Thursday, 22 January 2009


17/1/09, Soho Theatre.

1hr 45mins approx, no interval. A sell-out.

What sounded like a very timely play by Steve Thompson about City traders and City greed: would it give us an insight into how we got into the present mess? In fact it was written too soon. It certainly skewers the questionable ethics and playground behaviour of many traders -- but beyond that there were no revelations. We went to see it mainly because S had met the very dishy real-life city type whose expert advice helped make characters and situation convincing.

Four desks (which double as restaurant tables, even a bed at one point), four sets of screens, four speaker phones, four traders. PJ is middle aged and losing it; he keeps going with copious liquid lunches and bluster, only in order to satisfy his expensive wife who is obsessed with exotic holidays and her new kitchen. His colleagues mock him for his eagerness to engage them in conversation about all manner of subjects, but it least he has some kind of hinterland when he tells the boss to shove his derisory bonus and walks out on the job.

Donny is an East End street trader with post-divorce visiting rights. In the best scene by far he teaches his young son (brilliant comic performance by Jack O'Connor, a lad who looks as if he can't be more than 12) about short selling, using a sachet of tomato ketchup in Macdonalds, and about the gamesmanship traders use. He pretends to get angry when he realises his son has put one over on him; when the boy hands the ketchup back in alarm Donny upbraids him -- if he's angry it means his judgement is impaired; the boy can take advantage of that. At their next meeting the lad produces a bag of pound coins, acquired by exploiting his nan's soft heart.

Spoon is a posh graduate (a First from Jesus, rowing blue), bullied and then humiliated in a trade by Donny, who learns fast, gets his own back and turns out to be a straightforward liar and a cheat.

And then there's the woman, Jess, who flirts shamelessly, sees through all the boys' posturing and delivers the plot punchline at the end. As so often, it's the women who have a sense of proportion the men sadly lack.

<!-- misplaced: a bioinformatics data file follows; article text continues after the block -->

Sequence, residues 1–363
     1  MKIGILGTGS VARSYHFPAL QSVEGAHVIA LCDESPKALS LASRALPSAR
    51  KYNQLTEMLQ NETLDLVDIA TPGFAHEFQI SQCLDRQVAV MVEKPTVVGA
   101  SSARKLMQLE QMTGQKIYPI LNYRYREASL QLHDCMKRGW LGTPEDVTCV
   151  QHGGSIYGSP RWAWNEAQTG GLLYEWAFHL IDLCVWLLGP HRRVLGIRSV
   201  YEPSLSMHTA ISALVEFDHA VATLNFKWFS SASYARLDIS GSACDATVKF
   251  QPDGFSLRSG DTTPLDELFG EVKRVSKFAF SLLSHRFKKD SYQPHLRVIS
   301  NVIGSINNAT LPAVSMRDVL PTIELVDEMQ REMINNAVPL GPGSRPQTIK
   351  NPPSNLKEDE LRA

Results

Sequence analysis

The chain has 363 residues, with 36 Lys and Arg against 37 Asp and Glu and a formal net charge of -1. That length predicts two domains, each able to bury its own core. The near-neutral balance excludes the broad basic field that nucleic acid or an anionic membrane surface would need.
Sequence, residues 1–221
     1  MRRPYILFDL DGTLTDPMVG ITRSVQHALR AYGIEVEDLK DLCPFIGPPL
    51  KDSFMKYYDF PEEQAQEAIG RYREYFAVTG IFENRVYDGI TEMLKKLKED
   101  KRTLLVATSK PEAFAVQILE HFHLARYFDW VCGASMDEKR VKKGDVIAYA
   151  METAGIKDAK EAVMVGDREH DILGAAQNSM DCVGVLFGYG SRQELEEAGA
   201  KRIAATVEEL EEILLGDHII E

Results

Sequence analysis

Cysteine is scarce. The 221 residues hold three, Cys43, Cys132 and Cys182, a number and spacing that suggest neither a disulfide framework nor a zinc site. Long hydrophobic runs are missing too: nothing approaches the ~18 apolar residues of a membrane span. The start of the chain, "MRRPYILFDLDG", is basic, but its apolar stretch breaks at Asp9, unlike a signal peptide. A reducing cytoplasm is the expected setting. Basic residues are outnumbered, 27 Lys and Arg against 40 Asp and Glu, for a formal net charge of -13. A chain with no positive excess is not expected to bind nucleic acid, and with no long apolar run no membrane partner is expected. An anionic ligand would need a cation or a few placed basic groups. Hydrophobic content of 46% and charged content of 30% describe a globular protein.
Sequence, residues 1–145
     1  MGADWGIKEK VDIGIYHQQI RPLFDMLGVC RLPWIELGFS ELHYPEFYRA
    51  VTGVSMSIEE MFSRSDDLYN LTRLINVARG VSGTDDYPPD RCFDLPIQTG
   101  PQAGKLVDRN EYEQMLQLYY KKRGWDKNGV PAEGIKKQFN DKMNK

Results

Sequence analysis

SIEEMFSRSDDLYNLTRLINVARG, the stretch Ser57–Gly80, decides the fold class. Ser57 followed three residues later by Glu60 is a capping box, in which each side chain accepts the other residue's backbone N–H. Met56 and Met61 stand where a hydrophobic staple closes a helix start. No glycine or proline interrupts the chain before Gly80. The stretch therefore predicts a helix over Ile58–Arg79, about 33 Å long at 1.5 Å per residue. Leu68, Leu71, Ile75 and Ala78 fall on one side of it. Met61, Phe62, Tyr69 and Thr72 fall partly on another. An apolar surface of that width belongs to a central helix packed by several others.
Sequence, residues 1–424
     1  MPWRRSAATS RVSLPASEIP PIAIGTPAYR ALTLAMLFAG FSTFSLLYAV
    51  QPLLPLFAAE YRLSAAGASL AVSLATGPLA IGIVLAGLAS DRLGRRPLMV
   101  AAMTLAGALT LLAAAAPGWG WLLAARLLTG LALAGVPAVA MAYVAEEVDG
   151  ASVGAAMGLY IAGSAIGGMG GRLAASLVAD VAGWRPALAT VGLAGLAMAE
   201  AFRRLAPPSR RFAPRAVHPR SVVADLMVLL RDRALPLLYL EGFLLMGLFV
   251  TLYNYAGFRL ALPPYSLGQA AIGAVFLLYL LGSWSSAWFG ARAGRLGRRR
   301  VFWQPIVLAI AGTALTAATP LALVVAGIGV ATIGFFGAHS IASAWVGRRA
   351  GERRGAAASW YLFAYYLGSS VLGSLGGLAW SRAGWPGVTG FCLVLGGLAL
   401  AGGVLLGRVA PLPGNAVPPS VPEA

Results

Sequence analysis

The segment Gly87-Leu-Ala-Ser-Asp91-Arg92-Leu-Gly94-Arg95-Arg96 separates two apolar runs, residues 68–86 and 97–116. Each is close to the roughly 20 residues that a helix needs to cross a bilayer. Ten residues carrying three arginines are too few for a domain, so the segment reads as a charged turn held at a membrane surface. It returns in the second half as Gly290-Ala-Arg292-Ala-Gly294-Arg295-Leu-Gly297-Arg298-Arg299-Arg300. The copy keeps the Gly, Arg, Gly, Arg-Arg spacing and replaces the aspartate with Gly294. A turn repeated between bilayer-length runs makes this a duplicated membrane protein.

(The first scene, in which Jess and Donny role-play a job interview which ends up with the pair of them having a quicky, is an arresting beginning but seems to belong to a different play altogether.)

The milieu and motivations (greed, mainly) are convincingly established, as in Thompson's play Damages, about tabloid invasions of privacy (seen at the Bush c 2005). And there are some good gags, but not as many as in Whipping It Up (seen at the Bush c 2007), about Parliamentary whips. But the plot of this one came off the shelf rather than off today's front pages or Peston's blog, and that seems a shame.
Later: I went for work to a real-life City trading floor for the first time in years a few weeks after seeing this. And it truly is a bizarre world which this play does a good job in capturing. They'd all sit around doing very little but staring at screens until someone (the lead trader, presumably) made a shouted announcement, incomprehensible to outsiders. There then followed a great deal of shouting, phone calls, further incomprehensible exchanges; and then the excitement would subside after a minute or so and the prevailing lull would return... until another bunch started up in another corner of the floor.

No comments:

Post a Comment